Harmful germs in marinade or food can multiply quickly at room temperature. Keep your marinating food in the refrigerator, not out on the counter.

You’d think using a dishwasher would be pretty safe, but people forget to place utensils with the sharp ends down. Don’t rush to put things away; wait for the machine to cool before emptying it.

You may be tempted to save energy costs by setting the refrigerator and freezer at slightly higher temps, but you’ll be welcoming bacteria if you do. The best temperature for the fridge is 40 degrees, while the freezer needs to be set at 0 degrees.

Mother always told us to rinse our fruits and vegetables. She’s right. We can use a brush to get the dirt off and rinse them under running water. This cleaning method is even more effective than using a commercial produce wash. Who knew?

One last hint on how best to deal with three germ magnets is to zap moist sponges for two minutes in the microwave, soak facet screens in bleach solutions, and remove and wash stove knobs in hot soapy water.

If you adopt these ideas, you’ll have a much safer kitchen.

Annie Ambles strives to make her kitchen safe

Book Sale

Book lovers, heed this call. The Friends of the Fort Worth Public Library is having its Biannual Book Sale on three weekends in April and May. Guess it means that we have three fantastic opportunities to add some fine books to our libraries. Choose from thousands of books, CDs, and DVDs with most items priced 50 cents to a dollar fifty.

There is a “Members Only Tax-Free Sale Day” this coming Saturday, April 16, 9 am until 4 pm at the Book Store, 5332 Trail Lake Drive, Wedgewood Village, just south of Loop 820 and Trail Lake. You’ll pay only 1/2 price in the book store. Not a member? It’s easy to join or renew your membership at the door. Seniors pay $20, if Annie is not mistaken.

Sale days to the public in the Chapter 2 Annexes, 5314 and 5318 Trail Drive, are April 22-24 and Saturday May 7. If you’re not a member, there is a $1 admission charge per day.

There’ll be a  Garage Sale at the Book Store Annexes on Saturday, May 7, 9 am through 4 pm. Fixtures and gift items from the warehouse will be sold plus another $15 a box day on remaining books. Sunday, April 24, noon until 4 pm is the first $15 a box day with boxes provided.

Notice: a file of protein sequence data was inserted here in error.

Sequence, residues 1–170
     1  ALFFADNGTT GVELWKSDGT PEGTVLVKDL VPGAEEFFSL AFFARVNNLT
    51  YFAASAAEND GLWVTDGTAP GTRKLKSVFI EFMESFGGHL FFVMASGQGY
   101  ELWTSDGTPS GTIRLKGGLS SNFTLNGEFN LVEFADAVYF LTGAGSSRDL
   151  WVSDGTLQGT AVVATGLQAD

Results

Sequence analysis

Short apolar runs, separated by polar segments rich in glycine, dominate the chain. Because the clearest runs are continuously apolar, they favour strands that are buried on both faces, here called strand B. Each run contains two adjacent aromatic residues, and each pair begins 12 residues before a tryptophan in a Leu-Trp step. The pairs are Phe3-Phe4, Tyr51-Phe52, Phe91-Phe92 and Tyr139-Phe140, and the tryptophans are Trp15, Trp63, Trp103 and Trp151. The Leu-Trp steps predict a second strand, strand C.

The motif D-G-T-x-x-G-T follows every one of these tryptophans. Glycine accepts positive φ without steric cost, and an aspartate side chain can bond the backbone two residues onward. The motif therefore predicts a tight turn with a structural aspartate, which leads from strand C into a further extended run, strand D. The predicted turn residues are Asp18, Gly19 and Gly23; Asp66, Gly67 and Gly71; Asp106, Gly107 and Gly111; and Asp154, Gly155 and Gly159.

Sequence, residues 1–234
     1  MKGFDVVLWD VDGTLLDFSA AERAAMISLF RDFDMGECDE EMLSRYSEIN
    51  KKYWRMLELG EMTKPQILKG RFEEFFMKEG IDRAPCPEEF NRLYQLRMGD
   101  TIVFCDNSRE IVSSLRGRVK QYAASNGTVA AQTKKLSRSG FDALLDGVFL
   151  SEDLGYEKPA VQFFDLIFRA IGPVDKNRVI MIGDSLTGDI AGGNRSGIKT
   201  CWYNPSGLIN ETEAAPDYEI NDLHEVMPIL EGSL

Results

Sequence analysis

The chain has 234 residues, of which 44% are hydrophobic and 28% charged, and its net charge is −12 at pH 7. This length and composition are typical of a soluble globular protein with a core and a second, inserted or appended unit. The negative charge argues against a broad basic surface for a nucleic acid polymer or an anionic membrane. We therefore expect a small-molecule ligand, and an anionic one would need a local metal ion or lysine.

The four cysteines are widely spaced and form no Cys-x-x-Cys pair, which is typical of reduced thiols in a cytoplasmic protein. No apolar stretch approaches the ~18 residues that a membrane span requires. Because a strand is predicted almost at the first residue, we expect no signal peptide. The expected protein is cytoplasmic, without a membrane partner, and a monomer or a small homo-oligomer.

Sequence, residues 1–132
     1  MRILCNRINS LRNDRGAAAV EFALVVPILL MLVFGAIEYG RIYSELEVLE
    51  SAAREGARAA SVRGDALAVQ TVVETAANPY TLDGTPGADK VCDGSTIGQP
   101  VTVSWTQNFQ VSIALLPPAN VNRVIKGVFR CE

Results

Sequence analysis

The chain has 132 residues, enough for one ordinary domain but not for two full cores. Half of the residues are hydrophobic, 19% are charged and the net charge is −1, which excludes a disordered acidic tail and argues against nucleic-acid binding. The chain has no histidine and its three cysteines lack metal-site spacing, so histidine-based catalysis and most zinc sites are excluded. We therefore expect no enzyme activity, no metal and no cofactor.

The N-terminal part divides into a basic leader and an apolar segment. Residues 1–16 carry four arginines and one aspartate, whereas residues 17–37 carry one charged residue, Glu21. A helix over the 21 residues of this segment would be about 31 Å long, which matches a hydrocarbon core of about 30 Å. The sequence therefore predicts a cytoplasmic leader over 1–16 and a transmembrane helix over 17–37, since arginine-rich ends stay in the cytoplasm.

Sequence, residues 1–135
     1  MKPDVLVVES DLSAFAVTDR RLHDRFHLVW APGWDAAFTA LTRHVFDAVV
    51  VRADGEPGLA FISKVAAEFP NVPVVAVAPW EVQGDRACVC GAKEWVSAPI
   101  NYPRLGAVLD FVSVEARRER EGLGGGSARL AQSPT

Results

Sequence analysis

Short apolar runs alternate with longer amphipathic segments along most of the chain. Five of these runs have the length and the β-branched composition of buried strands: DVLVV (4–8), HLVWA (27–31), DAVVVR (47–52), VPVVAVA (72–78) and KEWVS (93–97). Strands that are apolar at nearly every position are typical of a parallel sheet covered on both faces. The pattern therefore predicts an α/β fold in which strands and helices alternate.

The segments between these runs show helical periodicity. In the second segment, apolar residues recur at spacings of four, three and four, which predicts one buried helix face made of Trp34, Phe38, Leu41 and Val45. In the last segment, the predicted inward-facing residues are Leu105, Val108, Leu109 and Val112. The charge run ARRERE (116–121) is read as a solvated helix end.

If your bookshelves are already packed to overflowing, go through your books and donate some to make room for your new purchases. You’ll get a tax deduction slip for the IRS at the Main Desk, and the Friends will have more books to sell.

Annie Ambles renews her membership and fills a box with books

Property Fraud Alert

With the 2016 Property Value Notice Annie received this week from the Tarrant Appraisal District came a dire warning. In bold print it warned her to “Protect your most valuable investment.”  Seems there are crooks out there who may illegally use our property for financial gain. How can this possibly happen?

Well, someone may try to record a document in the County Clerk’s Office attempting to make it look like he or she owns your home or property. This is a serious matter because, according to the FBI, property and mortgage fraud is the fastest growing white-collar crime.

Never fear. You can do something about it. Subscribe to the free notification service provided by the Tarrant County Clerk’s Office to get a heads up if someone tries to file documents on your property. Check out this web site–<www.propertyfraudalent.com/tarranttx>

The Tarrant County’s program is called Property Fraud Alert and it alerts individuals to potentially fraudulent activity involving their personal information.

“When something is filed in the county clerk’s office and it has your name in it, it will send you an e-mail or give you a phone call and let you know,” explains County Clerk Mary Louise Garcia.

If you prefer, you may call the Property Fraud Alert Hotline at 1-800-728-3848. Someone will be happy to help you.

Our Tarrant County County Clerk and her staff want us to… Be informed…Be alert…Be notified. At least that’s the message her office is sending to us.

Annie Ambles learns about Property Fraud


Three Cheers for Red Oak Foundation

The Red Oak Foundation based right here in Fort Worth is an organization with a mission: To spread the pleasures and benefits of books to all young children. Since its creation in 1997, Red Oak has distributed 523,817 books to young children and their families.

Annie came to know and admire Red Oak after she started reading to elementary children in the Fort Worth Independent School District at I. M. Terrill Elementary as part of Bass Hall’s Children’s Education Program (CEP). She is what is known as a book bearer. This is how it works for her and can, too, for you–Volunteer to be a reader. Pick up the books. Drive to the school. Check in at the office. Take the books to a classroom. Give a book to each student. Leave a book for each absent child. Read sections of the book. Wave good-bye. Give yourself a treat for having fun and doing good!

Cutting out the middle man, Red Oak purchases the books directly from their publishers. In addition to the book bearers who represent 168 non-profit organizations, books are distributed through 26 clinics (336,865), 42 book clubs (2,362), and at 408 events (21,704).

Events for children five years of age and under and their parents or caregivers are held at non-profit centers in targeted neighborhoods. These have story times where books are read aloud by site representatives, followed by book selections where every child can take home two quality, hardback books for free.

Hats off to Red Oak.

Annie Ambles reads to first graders to encourage a love of books